# Converting 110v AC to 12v DC

1. Feb 17, 2008

### rolinger

Hello all. First thing I have to say is I don't understand much about power and electricity conversion rates. But I do have a need to have two different motors, each requiring a different power load, to run off of a single source AC 110 house outlet.

First device: Volts: 12, Amps: 3.3, uses a 12V car cigarette lighter (I assume this is DC power)

Second device is a 2 speed motor: Watts: 37/27, Amps: 0.57/0.39 and runs off of standard 110v AC plug

I am looking for a cheap solution that will allow me to power both devices off of household 110v AC power but really have no idea on to go about doing this since this is my first project I have ever done that requires me to toy with power/electrical sources.

I know I can go buy a 110AC to 12V (cigarette lighter) converter for $5, but thats the kind that plugs into a wall outlet and would require some kind of mickey mouse solution that is unclean and probably not safe. I am looking for a solution that runs off of a single source that feeds both devices. Which means I would need to cut off the cigarette lighter adapter and used the exposed wires to connect directly to this power source. Also, how do I determine the watt power level of the first device? I need to understand what the total watt power consumption, of both devices, would be. Thank you for your help. 2. Feb 17, 2008 ### wildman Watts DC = Volts x amps so in your case it would be 12 Volts x 3.3 amps = 39.6 watts. I don't think you are going to find a device that would supply power for both. I would just go with your$5 converter and solder the wires to the terminals of your machine. Then of course, put plenty of electrical tape. The other machine could just plug directly in.

3. Feb 17, 2008

### rolinger

So is watts DC math any different from watts AC ?

Watts DC = Volts x amps (12 Volts x 3.3 amps = 39.6 watts)​

Would the second device simply be:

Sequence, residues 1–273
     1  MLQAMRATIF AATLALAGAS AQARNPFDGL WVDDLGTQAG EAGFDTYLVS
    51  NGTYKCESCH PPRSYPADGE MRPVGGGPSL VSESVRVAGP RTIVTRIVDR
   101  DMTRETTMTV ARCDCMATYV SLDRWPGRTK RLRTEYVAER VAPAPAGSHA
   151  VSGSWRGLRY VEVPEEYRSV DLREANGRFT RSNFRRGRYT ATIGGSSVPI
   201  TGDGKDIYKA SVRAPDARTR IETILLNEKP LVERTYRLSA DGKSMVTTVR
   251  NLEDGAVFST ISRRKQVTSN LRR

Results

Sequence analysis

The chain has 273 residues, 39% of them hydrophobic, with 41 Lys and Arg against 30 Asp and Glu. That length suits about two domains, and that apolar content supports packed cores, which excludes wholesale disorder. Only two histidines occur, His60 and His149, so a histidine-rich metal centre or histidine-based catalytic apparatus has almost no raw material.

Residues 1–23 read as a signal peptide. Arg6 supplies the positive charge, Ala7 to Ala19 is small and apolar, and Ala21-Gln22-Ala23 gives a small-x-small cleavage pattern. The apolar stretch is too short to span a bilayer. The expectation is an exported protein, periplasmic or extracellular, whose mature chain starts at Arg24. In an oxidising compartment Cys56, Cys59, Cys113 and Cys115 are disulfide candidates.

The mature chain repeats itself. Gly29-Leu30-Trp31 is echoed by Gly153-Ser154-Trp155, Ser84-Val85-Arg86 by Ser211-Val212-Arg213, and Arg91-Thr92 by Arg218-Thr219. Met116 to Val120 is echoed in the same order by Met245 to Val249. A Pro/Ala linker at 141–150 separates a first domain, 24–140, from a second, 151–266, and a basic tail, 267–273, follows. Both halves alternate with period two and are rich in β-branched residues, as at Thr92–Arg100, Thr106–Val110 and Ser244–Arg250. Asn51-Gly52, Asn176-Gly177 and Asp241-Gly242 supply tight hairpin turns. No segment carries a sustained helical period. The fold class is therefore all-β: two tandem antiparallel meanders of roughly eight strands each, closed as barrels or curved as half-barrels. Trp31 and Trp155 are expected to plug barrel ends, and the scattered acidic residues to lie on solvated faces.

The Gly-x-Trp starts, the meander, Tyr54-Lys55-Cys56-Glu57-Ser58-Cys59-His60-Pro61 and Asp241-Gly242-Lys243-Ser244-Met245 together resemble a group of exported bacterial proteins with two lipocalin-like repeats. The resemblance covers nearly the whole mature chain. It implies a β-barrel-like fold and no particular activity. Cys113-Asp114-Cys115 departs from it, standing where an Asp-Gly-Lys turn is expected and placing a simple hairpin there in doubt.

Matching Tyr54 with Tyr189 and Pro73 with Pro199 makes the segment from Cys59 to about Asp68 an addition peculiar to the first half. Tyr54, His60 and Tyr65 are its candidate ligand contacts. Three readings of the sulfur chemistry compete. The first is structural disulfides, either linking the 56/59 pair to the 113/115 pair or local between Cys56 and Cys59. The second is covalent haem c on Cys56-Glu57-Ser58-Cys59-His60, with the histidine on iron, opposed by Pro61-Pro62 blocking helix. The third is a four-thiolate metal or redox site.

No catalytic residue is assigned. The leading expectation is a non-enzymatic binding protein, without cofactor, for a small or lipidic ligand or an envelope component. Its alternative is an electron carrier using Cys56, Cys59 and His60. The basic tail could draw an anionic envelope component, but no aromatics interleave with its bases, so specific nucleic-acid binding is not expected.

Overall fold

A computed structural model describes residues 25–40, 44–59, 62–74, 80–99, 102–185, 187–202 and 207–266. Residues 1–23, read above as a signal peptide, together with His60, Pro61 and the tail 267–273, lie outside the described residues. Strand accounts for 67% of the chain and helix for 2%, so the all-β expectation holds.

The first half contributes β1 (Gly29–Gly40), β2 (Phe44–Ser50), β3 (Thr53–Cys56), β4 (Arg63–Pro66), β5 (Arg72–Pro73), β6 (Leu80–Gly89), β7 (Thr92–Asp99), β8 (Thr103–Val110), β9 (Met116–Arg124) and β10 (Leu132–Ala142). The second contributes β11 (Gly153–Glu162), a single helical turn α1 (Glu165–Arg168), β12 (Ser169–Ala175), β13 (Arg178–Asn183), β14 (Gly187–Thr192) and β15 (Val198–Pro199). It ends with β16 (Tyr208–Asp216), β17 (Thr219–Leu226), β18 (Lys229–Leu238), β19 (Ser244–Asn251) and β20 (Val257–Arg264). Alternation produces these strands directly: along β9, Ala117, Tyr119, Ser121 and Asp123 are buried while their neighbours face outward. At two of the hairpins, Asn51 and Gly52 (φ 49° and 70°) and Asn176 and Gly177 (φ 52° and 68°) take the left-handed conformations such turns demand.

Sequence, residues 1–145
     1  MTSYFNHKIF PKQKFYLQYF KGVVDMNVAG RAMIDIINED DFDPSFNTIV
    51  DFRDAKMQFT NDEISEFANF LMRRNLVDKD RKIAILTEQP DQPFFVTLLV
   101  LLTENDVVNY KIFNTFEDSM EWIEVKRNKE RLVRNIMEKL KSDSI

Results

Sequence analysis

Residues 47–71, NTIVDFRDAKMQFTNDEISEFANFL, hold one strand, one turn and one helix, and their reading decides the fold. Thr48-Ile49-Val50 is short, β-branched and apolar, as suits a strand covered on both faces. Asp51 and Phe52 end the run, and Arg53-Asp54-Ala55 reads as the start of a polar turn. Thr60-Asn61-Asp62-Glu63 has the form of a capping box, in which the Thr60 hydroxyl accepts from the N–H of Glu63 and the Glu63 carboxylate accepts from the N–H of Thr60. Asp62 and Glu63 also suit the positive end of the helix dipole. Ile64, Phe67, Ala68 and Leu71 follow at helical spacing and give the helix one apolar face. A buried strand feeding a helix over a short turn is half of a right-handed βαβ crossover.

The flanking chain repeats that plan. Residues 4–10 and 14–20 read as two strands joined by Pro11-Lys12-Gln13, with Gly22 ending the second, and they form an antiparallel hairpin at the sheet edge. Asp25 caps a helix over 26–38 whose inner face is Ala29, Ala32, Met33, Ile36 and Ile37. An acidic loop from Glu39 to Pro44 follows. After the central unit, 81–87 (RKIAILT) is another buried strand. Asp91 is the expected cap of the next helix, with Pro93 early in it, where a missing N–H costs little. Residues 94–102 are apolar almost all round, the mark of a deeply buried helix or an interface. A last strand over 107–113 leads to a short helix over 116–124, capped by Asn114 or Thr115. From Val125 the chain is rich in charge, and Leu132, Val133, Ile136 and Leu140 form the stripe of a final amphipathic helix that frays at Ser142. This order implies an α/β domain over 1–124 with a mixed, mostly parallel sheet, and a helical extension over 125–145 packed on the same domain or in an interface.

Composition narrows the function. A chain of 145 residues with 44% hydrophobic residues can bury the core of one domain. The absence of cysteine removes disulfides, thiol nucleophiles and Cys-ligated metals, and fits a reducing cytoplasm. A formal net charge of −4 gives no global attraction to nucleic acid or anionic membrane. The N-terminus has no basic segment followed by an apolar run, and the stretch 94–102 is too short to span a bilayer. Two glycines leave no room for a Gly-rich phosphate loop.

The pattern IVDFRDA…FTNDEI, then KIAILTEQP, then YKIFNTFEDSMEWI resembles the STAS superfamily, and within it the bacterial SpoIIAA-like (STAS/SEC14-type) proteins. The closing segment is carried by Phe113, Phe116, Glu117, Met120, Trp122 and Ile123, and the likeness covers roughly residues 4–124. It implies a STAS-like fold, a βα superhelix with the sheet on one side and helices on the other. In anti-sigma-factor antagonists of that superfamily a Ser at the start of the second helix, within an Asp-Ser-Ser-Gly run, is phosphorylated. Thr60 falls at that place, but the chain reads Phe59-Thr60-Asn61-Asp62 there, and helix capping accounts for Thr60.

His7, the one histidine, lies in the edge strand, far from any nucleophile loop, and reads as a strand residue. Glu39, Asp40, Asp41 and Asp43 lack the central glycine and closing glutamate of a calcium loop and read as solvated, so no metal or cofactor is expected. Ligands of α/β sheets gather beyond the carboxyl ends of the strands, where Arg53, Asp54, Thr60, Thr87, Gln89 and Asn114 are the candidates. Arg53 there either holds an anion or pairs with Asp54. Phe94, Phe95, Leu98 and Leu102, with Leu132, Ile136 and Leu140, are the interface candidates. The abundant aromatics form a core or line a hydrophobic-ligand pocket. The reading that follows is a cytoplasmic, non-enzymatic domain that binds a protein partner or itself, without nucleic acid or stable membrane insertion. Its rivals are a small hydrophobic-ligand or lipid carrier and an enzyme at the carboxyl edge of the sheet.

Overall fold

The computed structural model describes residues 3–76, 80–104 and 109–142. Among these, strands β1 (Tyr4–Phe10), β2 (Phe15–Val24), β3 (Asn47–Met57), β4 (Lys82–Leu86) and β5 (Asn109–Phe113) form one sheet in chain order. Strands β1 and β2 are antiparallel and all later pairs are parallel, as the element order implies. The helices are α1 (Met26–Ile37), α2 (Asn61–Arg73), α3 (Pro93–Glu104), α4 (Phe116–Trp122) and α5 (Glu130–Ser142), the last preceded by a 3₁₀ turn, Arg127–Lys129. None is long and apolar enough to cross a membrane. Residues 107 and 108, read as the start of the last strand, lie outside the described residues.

Watts AC = Volts x Amps (120 volts x 0.57 amps = 68.4 watts)​

The second device "advertises" 37 watts with a pull of 0.57 amps off of a standard 110AC outlet. But the math shows different with 120v AC x 0.57 amps = 68.4 watts. Something isn't adding up right.

Thanks.

Last edited: Feb 17, 2008
4. Feb 17, 2008

### Staff: Mentor

Perhaps there is an inefficiency such as power factor in the AC device.

Anyway, I'm not sure what you are really trying to do here. 110V Ac is wall power and 12V is a pretty standard power supply. If you the motor and a 12V power supply into a power strip, then you have it all connected together. I'm not really sure what you could do that would be more complex (or useful) than that.

5. Feb 17, 2008

### HuskerEE

When you buy a 120VAC to 12VDC converter make sure the current rating is atleast 3.3A. That's a decent size wall wart. Using a wall wart with that rating is probably one of the safer options you have, especially if you don't feel comfortable with 120VAC circuits.

6. Feb 17, 2008

### Danger

Any time that I've run into a similar situation (quite a few times), I just run a dual outlet extension cord into the device housing and plug the adapter into one of the receptacles. Then a regular cord can be plugged into the other to run the AC stuff. For additional safety, if you're not sure of the power draws involved, use a power bar with an internal breaker.

7. Oct 23, 2009

### Bits

I would like to know if there is an inverter to go from my household current to power my 12 v winch. I have a 4x4 super winch LP 8500 12 v DC 4.5 hp 3.3 kw motor.

8. Oct 23, 2009

### Bob S

AC Motors, with few exceptions, look inductive from the ac power lines. The 120v ac x 0.57 amps is 68.4 volt-amps or VA (reactive load).
Bob S

Last edited: Oct 23, 2009